Stantec also designed a solar hot water system on the roof for domestic hot water heating, while the building heating requirements are met by connecting the building to the city’s new district energy service.
The owner wanted the sixth floor of the building to be returned to a 1930s layout, with the same fit and finishes as the original building. Stantec worked with the interiors team to select water fixtures in the washrooms that closely resemble those from that time period, while offering modern performance such as low-flow technology.
Measurement and verification
All of the mechanical and electrical systems include measurement and verification (M&V) technology that allows the City of Calgary to confirm the energy savings that were predicted during the design phase. With additional metering beyond the standard gas and electric meters, the owner can keep track of the energy consumed by different systems such as lighting, elevators, fans, hot water etc.. The system allows the owner to know what a properly performing building has for an energy profile and to quickly zero in on a problem if energy consumption starts to climb.
In addition to the M&V technology, a unique digital commissioning system developed by Stantec gives each piece of commissioned equipment a barcode that can be scanned with a tablet computer during and after construction. The tool enables the building management team to access installation, operations and maintenance, commissioning, and shop drawing data on every device. Approximately 600 pieces of equipment were captured in the Stancheck system with 35,000 individual data points.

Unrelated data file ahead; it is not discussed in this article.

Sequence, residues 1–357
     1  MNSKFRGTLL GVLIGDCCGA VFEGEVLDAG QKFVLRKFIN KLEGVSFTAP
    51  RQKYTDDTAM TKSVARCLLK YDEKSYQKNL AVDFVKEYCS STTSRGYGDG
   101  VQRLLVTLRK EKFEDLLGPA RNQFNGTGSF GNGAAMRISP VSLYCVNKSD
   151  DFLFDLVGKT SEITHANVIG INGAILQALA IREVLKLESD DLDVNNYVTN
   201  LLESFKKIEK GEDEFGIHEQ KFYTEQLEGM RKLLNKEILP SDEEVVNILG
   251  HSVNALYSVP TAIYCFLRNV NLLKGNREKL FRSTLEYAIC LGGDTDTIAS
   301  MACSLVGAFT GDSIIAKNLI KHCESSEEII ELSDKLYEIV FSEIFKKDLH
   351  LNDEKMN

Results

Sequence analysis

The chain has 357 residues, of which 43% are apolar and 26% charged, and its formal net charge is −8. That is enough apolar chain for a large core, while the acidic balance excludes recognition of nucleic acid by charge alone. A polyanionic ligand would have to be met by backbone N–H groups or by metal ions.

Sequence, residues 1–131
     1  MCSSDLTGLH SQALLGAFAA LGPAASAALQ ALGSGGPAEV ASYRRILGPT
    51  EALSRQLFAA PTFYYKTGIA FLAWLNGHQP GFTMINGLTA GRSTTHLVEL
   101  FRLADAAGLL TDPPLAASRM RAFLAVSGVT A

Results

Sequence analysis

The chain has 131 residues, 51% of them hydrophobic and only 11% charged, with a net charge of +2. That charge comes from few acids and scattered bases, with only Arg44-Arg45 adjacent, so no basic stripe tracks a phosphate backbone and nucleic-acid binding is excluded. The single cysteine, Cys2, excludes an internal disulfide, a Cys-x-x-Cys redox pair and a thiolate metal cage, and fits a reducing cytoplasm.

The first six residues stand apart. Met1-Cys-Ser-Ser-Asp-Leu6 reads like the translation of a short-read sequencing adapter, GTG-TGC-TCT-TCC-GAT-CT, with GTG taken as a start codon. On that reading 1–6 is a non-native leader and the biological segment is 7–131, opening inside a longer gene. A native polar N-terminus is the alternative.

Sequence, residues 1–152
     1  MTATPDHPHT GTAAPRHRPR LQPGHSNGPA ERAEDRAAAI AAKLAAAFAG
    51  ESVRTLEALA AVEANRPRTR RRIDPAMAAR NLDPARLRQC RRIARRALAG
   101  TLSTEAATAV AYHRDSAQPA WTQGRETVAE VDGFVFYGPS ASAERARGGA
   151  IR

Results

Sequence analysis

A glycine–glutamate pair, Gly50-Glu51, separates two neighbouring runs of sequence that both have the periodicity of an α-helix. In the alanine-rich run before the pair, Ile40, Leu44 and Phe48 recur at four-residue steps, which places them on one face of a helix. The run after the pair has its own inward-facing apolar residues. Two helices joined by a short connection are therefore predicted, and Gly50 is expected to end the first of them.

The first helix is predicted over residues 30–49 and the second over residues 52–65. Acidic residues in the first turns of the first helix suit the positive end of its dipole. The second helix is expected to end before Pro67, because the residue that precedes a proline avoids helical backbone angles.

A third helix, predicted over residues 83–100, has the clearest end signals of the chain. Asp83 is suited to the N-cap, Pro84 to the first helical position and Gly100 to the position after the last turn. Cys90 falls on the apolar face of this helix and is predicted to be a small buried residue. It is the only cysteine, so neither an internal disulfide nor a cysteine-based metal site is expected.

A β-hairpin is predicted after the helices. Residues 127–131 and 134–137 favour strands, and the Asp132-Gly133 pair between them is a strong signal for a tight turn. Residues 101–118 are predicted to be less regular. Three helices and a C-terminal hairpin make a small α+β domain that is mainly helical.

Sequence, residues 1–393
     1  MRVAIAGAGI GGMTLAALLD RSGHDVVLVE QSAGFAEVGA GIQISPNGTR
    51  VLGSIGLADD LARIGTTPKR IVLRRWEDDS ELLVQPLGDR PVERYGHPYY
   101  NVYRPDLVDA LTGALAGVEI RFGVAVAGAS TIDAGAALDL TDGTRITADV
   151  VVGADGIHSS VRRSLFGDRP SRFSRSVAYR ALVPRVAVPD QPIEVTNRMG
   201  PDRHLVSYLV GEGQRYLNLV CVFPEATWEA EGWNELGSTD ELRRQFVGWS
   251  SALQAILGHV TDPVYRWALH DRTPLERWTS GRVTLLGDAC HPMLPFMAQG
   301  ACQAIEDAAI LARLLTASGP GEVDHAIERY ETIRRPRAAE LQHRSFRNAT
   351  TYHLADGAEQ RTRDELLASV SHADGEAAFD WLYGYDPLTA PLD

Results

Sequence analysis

Benefits all round
“The Calgary Public Building could not have been preserved as a meaningful municipal historic resource if this renovation had not taken place,” explains Golightly. “The city has observed a significant reduction in service calls and a welcome improvement in occupant satisfaction rates as a result of the project.”
The building was honoured with an Alberta Consulting Engineers Award of Excellence for Sustainable Design, and an Award of Merit for Building Engineering in 2013.
The result of the renovation is a cold-climate case study that demonstrates that existing heritage buildings do not have to be demolished. Rather, they can be successfully renovated to the highest standards of environmental stewardship without sacrificing cost, energy efficiency, or preservation standards.
“Achieving LEED Platinum was quite an accomplishment for a new building, but we were faced with the challenge and the opportunity of renovating a heritage building in the heart of downtown Calgary that was built to 1930s standards,” says James Furlong, CET, Stantec’s principal in charge of the project.
“The results of this design are better than anyone expected,” says Furlong. “The energy consumption is so low (approximately 50% less than similar buildings), the utility meters had to be checked to make sure they were still working properly.” cce
Owner: City of Calgary
Mechanical/energy/commissioning consultants: Stantec Consulting (James Furlong, CET, Jeff Rent, P.Eng.,
Rob Guenther CET, Eugene Hayes, Tom Pilmoor C.Tech.)
Prime consultant and architect: the marc boutin architectural collaborative inc.
Additional architects: Perkins + Will; Mark Chambers Architect
Electrical: Mulvey + Banani (Alberta)
Structural: Read Jones Christoffersen
Contractors: Chandos Construction, Polar Bear Mechanical